A visit to the holy springs of Tirta Empul is a glimpse inside Bali’s spiritual heart. Almost devoid of tourists but brimming with locals come to take the holy waters, Tirta Empul is at once crowded, joyful, raucous, and deeply uplifting.
Tirta Empul, the “Ganges” of Bali, is a centuries-old place of purification. The legend is that the god Wisnu refreshed the embattled humans fighting a demon army by striking a rock, causing the waters to pour forth. The Balinese have been returning ever since.
On a typical visit, we arrive with our group late morning, and spend fifteen minutes in the parking lot on a sarong-tying lesson. It’s important to get it right because we are not here as mere observers; like the Balinese, we will be immersing ourselves in the spring waters which pour out of carved spouts, dousing us with a fervent cleansing of water and Spirit.
We receive a few curious glances from the locals as we troupe towards the locker room; our color-burst sarongs and white shirts tied with narrow sashes telegraph our intentions. For about fifty cents each, we lock our belongings in a wooden wall and make our way through the dozens of Balinese in various states of undress—both men and women alike in this unisex space—the wet, muddy tile floor reeking of the thousands of worshippers who have passed through before us, and back out into the clean air of the sunlit afternoon.
Climbing the few steps through the carved portal into Tirta Empul’s springs, I am struck once again by the crazy jumble of humanity that abounds behind the main wall. Children screech as determined parents thrust their small heads under the rushing streams; Balinese men wade, shirtless, through the calm waters; women in full temple dress—their hands clasped in Namaste prayer—bob from spout to spout, all chattering and gossiping as if they were at market day.
Taking the scene in, our group moves to the top of the steps and takes off our shoes, thought by the Balinese to be unclean. We sit or kneel on them as our guide sets out the offering baskets and lights joss sticks, handing one of both to each of us so we can pray, Balinese-style. We have learned how to pray like the Balinese, a five-step approach where we thank emptiness, the sun, creation, offer blessings to the world, and then thank the emptiness once again, accompanied by the flinging or wearing of flowers. At the last step, we receive rice grains in our mouths and on our foreheads; the seeds of God; as we chew them or they fall, they will remind us of the mysteries of creation. Then, we gingerly step into the pool.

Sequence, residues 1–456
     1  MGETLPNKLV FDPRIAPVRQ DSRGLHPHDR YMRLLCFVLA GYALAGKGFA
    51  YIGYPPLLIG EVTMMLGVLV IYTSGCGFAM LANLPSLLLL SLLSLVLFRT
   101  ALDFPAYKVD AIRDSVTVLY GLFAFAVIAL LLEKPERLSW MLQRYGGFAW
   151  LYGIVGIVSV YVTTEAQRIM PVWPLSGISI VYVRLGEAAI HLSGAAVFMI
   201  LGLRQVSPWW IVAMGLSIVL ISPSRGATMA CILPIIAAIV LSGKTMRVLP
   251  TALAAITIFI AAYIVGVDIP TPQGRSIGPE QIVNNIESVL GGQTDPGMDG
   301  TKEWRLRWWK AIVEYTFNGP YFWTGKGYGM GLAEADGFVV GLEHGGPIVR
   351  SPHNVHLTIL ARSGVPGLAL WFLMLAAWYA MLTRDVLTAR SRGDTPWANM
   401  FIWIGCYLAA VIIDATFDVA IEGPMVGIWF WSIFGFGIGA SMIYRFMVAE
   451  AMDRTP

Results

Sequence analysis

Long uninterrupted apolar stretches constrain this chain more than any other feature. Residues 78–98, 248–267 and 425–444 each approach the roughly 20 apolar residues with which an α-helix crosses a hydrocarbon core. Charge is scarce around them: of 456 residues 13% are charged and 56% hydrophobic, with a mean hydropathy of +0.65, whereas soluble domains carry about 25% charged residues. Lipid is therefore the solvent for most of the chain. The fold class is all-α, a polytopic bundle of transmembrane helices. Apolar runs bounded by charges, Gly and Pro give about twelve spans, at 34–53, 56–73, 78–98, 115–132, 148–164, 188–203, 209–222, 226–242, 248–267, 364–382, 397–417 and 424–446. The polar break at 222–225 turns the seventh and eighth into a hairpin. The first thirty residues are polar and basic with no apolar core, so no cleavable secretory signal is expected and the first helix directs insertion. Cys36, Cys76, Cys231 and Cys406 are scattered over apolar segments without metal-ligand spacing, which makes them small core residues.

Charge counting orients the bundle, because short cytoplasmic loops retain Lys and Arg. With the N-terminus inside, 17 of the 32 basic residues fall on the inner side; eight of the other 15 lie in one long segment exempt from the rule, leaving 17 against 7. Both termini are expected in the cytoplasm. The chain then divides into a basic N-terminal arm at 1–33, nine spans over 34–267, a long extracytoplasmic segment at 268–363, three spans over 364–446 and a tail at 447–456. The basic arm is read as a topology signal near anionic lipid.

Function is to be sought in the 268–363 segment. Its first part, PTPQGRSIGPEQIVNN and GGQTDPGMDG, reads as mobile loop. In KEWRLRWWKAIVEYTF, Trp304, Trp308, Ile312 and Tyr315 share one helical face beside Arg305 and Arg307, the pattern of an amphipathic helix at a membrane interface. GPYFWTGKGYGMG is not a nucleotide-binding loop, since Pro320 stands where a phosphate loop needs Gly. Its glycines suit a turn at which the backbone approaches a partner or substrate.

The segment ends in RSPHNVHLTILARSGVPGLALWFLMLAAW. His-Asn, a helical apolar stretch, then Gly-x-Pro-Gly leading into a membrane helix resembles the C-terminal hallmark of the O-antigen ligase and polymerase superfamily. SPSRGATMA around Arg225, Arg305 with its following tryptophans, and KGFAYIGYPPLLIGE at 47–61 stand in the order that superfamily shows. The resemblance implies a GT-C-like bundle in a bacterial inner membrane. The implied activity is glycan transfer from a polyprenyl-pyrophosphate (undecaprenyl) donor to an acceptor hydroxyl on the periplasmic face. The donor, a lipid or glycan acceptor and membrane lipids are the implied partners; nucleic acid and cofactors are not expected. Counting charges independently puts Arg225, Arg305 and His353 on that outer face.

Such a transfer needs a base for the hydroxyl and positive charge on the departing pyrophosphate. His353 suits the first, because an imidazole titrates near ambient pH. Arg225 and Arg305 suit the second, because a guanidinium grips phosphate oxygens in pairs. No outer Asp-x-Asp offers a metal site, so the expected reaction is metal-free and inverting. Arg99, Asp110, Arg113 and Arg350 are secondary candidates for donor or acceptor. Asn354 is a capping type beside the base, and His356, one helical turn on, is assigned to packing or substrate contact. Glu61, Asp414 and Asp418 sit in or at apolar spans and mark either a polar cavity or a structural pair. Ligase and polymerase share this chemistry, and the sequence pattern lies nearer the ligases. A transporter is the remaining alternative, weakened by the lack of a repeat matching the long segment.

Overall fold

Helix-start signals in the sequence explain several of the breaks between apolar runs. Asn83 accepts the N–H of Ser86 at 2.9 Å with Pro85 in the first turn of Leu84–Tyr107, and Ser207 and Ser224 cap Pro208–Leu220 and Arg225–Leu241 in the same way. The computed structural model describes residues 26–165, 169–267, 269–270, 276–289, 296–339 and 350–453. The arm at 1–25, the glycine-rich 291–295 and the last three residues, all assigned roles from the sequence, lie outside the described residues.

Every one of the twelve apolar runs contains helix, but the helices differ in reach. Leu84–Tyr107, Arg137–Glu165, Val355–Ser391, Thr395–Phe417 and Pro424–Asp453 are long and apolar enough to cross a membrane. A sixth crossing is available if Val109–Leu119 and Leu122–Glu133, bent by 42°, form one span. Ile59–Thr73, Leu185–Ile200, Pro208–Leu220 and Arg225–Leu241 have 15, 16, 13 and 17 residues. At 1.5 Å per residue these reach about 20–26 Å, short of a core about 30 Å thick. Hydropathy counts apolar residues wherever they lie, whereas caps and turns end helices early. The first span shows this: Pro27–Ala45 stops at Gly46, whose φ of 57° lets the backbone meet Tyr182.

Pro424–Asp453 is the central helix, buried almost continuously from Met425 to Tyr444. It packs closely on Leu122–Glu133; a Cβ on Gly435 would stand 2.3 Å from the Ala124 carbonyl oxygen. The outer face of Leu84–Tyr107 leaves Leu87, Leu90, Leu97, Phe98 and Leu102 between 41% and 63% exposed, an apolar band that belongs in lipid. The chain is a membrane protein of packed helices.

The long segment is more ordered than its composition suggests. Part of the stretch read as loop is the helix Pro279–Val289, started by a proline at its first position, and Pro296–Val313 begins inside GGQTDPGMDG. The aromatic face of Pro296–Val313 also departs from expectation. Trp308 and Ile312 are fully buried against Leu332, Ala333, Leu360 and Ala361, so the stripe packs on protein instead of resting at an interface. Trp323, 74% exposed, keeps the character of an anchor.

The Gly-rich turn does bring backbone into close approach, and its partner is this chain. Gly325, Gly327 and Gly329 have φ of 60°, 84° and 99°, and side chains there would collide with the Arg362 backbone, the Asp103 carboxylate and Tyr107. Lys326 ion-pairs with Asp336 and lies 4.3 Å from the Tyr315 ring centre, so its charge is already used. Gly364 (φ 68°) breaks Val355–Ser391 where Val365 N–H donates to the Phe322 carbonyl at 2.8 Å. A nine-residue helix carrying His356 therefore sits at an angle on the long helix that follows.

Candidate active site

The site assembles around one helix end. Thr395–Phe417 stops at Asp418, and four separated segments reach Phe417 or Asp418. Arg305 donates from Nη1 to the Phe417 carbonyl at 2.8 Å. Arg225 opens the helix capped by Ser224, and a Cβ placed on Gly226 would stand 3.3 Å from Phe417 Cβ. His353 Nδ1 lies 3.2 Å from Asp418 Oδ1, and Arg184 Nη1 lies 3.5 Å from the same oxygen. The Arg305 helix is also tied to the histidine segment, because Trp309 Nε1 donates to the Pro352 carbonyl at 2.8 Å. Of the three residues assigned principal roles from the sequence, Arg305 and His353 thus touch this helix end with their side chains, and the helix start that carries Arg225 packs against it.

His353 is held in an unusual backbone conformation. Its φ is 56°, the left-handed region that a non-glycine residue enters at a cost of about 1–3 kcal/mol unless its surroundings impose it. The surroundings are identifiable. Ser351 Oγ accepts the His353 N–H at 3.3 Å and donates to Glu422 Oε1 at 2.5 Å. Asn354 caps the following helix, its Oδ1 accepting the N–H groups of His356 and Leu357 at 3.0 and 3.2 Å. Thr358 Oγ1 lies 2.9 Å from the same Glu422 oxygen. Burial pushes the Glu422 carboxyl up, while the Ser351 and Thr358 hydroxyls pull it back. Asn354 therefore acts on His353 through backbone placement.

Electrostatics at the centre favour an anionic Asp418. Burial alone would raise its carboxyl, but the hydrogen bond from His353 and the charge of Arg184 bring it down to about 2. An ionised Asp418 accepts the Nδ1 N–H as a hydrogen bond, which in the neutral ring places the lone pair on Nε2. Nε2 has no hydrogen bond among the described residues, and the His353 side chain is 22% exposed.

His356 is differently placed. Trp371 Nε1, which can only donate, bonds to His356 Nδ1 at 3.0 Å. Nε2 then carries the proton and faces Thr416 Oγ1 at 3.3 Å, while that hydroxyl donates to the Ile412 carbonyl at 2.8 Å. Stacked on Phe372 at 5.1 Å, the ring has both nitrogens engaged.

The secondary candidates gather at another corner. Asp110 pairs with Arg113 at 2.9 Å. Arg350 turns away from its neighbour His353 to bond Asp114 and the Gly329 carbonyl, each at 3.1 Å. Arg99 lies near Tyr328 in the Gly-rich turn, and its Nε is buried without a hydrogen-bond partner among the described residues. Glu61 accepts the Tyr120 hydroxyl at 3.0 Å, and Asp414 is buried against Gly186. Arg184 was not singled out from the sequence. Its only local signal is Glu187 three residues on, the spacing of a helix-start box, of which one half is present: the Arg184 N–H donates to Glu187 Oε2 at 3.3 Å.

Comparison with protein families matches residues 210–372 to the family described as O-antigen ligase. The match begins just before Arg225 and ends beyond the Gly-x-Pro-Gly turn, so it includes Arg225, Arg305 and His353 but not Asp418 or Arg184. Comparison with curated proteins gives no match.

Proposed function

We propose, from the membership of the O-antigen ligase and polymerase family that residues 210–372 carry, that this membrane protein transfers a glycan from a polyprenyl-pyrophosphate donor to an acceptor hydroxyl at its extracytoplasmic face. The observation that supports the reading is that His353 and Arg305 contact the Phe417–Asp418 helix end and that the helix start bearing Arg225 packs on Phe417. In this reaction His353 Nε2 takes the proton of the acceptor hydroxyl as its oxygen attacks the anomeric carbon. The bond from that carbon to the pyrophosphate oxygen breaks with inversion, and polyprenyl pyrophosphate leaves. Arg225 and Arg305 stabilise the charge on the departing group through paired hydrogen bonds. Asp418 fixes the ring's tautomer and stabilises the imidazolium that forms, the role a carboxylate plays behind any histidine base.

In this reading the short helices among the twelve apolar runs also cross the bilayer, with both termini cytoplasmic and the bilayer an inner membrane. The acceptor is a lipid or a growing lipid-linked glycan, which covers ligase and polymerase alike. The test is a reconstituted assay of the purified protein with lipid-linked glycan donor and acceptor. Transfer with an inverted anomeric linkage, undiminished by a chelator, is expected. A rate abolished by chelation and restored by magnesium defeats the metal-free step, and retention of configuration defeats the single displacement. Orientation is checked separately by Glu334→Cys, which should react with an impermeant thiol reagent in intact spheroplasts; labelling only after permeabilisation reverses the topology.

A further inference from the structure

The stones under our feet are slippery and timeworn, covered by a soft green moss that feels somehow comforting. The pool is, surprisingly, full of large koi who swim about the emerald water unperturbed by the hundreds of daily humans who come to worship here. The Balinese meet our eyes, friendly and smiling, glad to see us alongside them. I am grateful for their warmth and openness, their welcoming kindness for the strangers clumsily performing their rituals.
We stand in snaking lines, up to our waists in the cold water, warmed by the gentle sun. As I wait my turn, I remember the night we came at the full moon, especially sacred to the Balinese. It was pouring rain, and the moon was merely a theory as we entered the pool at midnight, already drenched. I watched an exorcism that night, as two Balinese men dragged a hollering, thrashing woman under the spouts. Two more men stood guard as they puffed on huge homemade cigarettes, expelling clouds of smoke into the already thick air. Eventually, she calmed, the demon apparently moved on to easier lodgings, and they escorted her under stream after stream as she was cleansed.
Now I watch as the members of our group move into position, each in turn dunking his or her head under the first stream. We look like Orthodox Jews davening as our heads dip neatly under the rushing water, from four to thirteen times per fountain. Each spout has Sanskrit words carved into its mouth, embodying the meaning of that fountain. To know what the word is, the Balinese say, your “third eye” (the eye of mysticism or intuition) must be open. The water passes over these sacred words just before it sluices onto our heads. I murmur a quick gratitude blessing and duck my head. As I immerse myself under the cold water, I am shocked into full awareness, clarity washing over me along with the stream.
I turn to my right, and wade over to the next spout to repeat this sacred experience. The people in our group look a little dazed, their smiles brilliant as I pass by. I don’t know whether I will receive the gift of the words in these spouts, whether the water will cleanse or uplift me. I only know that I feel truly alive in this moment, present and thankful.
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